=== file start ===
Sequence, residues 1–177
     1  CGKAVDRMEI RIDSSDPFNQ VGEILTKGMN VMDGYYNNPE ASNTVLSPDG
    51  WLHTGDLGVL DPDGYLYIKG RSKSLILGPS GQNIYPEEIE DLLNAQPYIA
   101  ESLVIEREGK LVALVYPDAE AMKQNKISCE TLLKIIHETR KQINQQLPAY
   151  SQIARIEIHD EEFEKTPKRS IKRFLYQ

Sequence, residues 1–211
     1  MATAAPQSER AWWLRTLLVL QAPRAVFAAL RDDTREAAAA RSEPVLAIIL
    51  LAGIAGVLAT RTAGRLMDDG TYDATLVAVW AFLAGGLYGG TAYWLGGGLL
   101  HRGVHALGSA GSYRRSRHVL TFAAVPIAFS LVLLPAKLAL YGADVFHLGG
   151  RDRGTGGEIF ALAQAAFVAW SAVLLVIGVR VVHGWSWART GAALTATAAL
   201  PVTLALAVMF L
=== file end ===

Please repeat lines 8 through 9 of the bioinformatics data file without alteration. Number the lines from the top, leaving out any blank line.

    51  LAGIAGVLAT RTAGRLMDDG TYDATLVAVW AFLAGGLYGG TAYWLGGGLL
   101  HRGVHALGSA GSYRRSRHVL TFAAVPIAFS LVLLPAKLAL YGADVFHLGG